iThink:  “Thought to Text” Technology

iThink: “Thought to Text” Technology

I have been struggling, for years, with getting speech-to-text working in a usable way.  About every two years over the last ten, I go out a store, excited, and buy the most recent voice recognition software. I’m always hoping for a break-through.  I’ve tried various versions of ViaVoice and Dragon Dictate. Dictation programs typically require you to read a few paragraphs to train them to your voice.  Other than that, they are fairly easy to use. For the PC and Mac, voice recognition programs have reached an acceptable level of usability.  Today, I can talk and dictate to my computer much faster than I can type.  In fact, this article is being dictated to my Mac on a plane ride from San Francisco to Minneapolis.  It seemed appropriate.

Social graces.

The guy next to me on the plane looks annoyed.  I am using a wired microphone to dictate this story.  Ok, now he is smiling.  He is enjoying the irony.  However, every time I say “period” to end a sentence the woman on the other side of me looks at me…

(Completing this article by typing)

“With Contempt”  is what I was going to say, so I decided to start using the keyboard.  Conservative, tightly wound person that probably thinks iPods are an evil plot.

The reality:  voice recognition, even if it works, does not fit into the social construct of the plane ride, the coffee shop, the bus, the subway, in fact any mass transit system.  It is a solitary endeavor OR completely annoying.  Want to try a fun experiment?  As voice becomes more commonplace in interfacing with devices…when you see someone talking out loud to command to their phone try this:   In a loud voice say  ” A B C 1 2 3″  and make sure it is loud enough for the mic on their phone to hear.  It works and totally screws up the voice recognition. Fun.

Vlingo on my iPhone

While I mentioned Vlingo on my iPhone, I did not mention that it does not work for me.  I am not a voice recognition expert, but I know that the processing power of mobile phones is not at the level of my new Core i7 MacBook (yeah.. it screams!)   In Vlingo’s defense, if you articulate well and speak slowly, it is good for sending text messages and single line emails in a quiet environment.  But it is not as good as laptop or desktop, and that is frustrating.

Don’t drink the Software-As-A-Service Kool Aid

Prediction:  Cloud-based service for Mobile Voice Recognition is a bad direction.  Even in a connected world, there are many places where you do not have either a cell or network connection.  Does it work today?  Sometimes.  However, when voice recognition really works for mobile, it will have to be native and a core function with 100% availability.  SaaS cannot offer that.  I am really surprised that Steve Jobs added the voice command into the iPhone  (Not a SaaS implementation, so they got that piece right). They usually don’t ship stuff that works  50% of the time.  Apple should have tested it in my Jeep.  If you follow the laws of computing, in about 10 years, mobile devices will be able to process voice as good as a desktop/laptop of today.  This will be a convergence of technologies, just like when the evolution from the iPhone to the iPad.  Voice commands will make more sense on the mobile device, just like some applications make sense on the iPad vs. the iPhone due to larger form factor.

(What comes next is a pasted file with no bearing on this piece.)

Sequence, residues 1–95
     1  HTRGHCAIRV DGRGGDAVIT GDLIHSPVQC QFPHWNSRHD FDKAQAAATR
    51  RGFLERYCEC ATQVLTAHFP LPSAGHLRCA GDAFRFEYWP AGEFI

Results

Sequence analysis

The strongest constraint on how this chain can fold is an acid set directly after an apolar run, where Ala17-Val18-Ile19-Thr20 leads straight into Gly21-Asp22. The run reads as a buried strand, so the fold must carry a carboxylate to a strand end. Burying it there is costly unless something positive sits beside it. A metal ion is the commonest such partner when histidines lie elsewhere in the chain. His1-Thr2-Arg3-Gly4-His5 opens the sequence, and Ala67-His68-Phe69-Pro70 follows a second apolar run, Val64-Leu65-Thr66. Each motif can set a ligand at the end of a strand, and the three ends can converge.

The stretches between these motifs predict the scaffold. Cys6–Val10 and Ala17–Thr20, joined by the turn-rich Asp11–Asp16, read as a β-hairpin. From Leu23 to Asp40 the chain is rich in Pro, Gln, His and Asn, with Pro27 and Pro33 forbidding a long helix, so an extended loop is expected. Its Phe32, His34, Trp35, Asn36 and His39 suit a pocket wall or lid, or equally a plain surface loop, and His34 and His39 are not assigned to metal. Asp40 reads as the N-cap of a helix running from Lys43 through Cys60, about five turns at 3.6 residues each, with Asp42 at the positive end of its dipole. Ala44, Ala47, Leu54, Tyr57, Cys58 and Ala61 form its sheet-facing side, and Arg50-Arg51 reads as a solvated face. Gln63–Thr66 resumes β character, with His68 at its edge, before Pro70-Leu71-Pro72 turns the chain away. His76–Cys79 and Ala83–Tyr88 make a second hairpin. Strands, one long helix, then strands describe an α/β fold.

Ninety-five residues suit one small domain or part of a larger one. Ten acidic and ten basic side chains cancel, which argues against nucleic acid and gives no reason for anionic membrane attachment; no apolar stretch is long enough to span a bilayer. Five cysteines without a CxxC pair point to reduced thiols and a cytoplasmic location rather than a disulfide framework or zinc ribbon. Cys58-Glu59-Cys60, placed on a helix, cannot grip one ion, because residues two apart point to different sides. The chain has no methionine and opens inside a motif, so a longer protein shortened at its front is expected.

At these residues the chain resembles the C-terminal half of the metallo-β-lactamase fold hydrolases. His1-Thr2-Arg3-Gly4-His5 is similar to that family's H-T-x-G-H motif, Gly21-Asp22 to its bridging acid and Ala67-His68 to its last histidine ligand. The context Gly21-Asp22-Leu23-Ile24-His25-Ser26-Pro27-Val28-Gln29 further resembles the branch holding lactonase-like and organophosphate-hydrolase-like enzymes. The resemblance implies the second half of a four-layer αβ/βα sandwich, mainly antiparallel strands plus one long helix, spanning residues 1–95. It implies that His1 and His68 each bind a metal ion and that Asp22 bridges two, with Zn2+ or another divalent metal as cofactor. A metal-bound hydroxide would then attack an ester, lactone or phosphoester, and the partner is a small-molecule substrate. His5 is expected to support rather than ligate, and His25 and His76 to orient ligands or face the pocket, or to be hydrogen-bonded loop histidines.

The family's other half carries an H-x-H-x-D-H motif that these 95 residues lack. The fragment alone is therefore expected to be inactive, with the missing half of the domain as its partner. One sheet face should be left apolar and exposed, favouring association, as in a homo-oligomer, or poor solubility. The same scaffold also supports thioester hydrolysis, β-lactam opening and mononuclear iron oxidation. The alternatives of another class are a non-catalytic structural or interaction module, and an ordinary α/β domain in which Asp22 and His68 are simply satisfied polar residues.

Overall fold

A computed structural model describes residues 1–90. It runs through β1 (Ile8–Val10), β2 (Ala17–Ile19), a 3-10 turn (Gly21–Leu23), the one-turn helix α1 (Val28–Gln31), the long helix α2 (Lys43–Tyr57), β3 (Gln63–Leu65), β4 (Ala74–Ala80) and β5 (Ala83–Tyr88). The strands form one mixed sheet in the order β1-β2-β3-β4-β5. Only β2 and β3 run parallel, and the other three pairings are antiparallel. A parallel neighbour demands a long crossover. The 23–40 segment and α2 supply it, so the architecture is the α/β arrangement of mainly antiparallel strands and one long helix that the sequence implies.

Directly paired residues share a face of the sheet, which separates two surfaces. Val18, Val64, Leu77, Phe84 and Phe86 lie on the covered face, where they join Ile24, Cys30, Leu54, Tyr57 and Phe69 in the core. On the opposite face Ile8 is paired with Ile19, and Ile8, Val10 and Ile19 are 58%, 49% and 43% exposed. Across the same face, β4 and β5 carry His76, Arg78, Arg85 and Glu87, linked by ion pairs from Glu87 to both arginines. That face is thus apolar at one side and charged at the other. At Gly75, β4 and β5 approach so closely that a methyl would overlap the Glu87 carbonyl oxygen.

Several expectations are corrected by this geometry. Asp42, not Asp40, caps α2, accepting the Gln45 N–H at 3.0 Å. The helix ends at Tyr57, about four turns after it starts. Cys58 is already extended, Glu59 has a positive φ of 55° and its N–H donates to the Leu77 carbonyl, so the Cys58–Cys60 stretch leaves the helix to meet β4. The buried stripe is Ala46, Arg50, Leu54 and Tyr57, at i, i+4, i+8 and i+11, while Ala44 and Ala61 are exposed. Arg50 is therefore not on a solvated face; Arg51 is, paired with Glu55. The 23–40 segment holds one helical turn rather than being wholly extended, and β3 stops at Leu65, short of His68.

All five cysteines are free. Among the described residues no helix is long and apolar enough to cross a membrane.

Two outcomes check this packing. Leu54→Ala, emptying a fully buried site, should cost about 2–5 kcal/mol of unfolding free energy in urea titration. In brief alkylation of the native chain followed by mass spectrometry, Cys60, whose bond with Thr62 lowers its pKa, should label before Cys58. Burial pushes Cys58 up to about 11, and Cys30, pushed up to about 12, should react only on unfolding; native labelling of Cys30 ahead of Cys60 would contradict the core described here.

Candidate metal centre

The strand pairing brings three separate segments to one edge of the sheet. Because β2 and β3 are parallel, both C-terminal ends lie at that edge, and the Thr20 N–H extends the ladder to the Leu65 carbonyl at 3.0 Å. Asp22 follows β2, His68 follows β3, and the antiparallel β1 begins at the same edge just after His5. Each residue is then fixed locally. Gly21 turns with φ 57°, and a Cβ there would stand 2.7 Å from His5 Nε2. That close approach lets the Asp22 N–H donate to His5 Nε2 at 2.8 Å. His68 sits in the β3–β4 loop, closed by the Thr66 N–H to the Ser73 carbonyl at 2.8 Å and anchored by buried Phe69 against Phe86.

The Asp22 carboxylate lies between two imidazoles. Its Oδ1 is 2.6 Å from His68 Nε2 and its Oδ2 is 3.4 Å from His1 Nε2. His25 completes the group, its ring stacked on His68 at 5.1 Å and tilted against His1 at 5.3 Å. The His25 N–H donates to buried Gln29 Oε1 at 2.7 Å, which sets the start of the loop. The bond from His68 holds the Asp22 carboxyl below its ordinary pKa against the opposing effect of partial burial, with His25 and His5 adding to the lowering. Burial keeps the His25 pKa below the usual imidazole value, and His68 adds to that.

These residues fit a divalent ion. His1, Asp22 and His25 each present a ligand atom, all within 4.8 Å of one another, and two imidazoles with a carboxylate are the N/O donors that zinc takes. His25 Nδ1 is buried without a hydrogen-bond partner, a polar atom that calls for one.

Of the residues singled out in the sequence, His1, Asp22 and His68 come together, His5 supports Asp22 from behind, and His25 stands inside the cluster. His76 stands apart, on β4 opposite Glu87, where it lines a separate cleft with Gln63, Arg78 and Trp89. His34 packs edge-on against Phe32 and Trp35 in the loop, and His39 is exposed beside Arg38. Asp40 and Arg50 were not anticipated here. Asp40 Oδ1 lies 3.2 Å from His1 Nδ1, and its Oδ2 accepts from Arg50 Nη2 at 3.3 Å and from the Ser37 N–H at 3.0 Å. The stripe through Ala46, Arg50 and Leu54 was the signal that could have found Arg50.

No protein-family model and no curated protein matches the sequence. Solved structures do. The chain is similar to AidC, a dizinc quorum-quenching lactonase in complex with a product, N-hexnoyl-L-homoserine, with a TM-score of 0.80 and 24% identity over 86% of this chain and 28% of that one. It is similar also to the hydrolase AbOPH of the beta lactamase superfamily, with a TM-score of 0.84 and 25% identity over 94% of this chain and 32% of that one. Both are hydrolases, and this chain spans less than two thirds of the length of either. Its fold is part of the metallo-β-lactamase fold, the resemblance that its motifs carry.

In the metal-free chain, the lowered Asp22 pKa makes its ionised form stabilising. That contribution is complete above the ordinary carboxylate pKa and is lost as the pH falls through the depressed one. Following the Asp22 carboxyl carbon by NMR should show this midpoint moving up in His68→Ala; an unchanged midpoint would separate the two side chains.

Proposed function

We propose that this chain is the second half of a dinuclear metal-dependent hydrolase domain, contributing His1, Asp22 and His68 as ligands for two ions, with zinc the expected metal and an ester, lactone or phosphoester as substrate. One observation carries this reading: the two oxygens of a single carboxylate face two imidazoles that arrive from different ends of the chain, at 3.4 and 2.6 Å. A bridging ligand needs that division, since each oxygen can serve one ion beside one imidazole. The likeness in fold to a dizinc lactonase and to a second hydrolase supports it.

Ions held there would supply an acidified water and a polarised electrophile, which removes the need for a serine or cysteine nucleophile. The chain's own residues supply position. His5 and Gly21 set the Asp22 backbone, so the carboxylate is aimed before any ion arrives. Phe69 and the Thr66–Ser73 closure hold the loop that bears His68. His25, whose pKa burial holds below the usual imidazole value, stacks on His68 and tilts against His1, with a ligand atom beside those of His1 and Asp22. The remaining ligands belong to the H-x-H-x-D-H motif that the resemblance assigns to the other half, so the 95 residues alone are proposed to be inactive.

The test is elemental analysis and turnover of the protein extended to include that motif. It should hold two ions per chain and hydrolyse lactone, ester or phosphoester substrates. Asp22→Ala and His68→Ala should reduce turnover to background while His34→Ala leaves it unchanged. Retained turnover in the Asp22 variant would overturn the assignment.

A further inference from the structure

What does this mean for technology affecting culture?

It can go in four directions.  First, think:  Do you remember the first time someone had a cell phone conversation, close to you, in a confined space?  How about the first time someone sat in the stall next to you and had a loud cell phone conversation?  How will you react when you are in close quarters and people are talking to their phones, dictating and email, text or tweet?

Direction 1: It will isolate people.  Socially unacceptable,  therefore people will withdrawal to a more quiet location to talk to their phones.

Direction 2: The older folks like me will lose the social acceptable battle.  The younger generation will be texting, emailing, Tweeting and “voicing” and if we don’t like it, we can  put on noise canceling head phones.

Direction 3: The advent of sub-audible microphones.  Arthur C Clarke, one of the true thought leaders talked about this in several of his books.  Basically, imagine a tooth implant that could pick up “throat noises”.  These sounds would not be heard external to a person’s body.  The sub-audible microphone would pick up the sounds and transmit to a mobile device.  Everyone could happily be talking, Tweeting, emailing, or Voicing on the same subway car without every bothering a soul.   Technology done right is elegant.   Early versions of the microphone could be placed on the neck.  No need to go running off to the Dentist just yet.  Direction 3 is my prediction.

Direction 4: Something no one has thought of yet.


If everyone is using sub-audible microphones,  there will be privacy issues.  If someone whispers and you hear it, are you invading their privacy?  Ethically yes, but legally, no.   There will be devices that unscrupulous people will employ to invade privacy.   There will be outrage, backlash and then an attempt at regulation.  While interfacing with mobile devices via sub-audible,  I predict that people will develop their own private vocabulary, like a password or macro to communicate securely with their devices.

Stepping stones to a strange new world

1. Seamless Voice recognition, native to mobile devices  (8-10 year)
2. Sub Audible microphones  (technology is here now)
3. Social acceptance          (who knows)

I started this whole article as a mind-walk towards the concept of “think to text”.  With sub audible mic’s, you can sometimes tell if someone is talking, because they will move their lips out of habit.  The younger generation that grows up on it will not.

So what about “think to text”?  I have no idea.  The headsets that are supposed to measure brainwaves and sell for about $200 and are pure crap. Don’t waist your money, they don’t work.  Based on the state of technology, a system that could recognize words you think is way off.

Waiting in line for the  iThink

On the other hand, I will be guy in line, every 2 years, excited, buying a new iThink…and hoping.

Note:  The man next to me on the plane ride was a software engineer.  We had a great conversation.  Bill:  great to meet you!  It helped to talk through the scenarios.  The woman next to us was a 4 term politician.  Thought we were crazy, thinks ideas are dangerous, wanted to make everything Bill and I were “discovering” as an exercise in thought…illegal. Basic book burner.  What a contrast!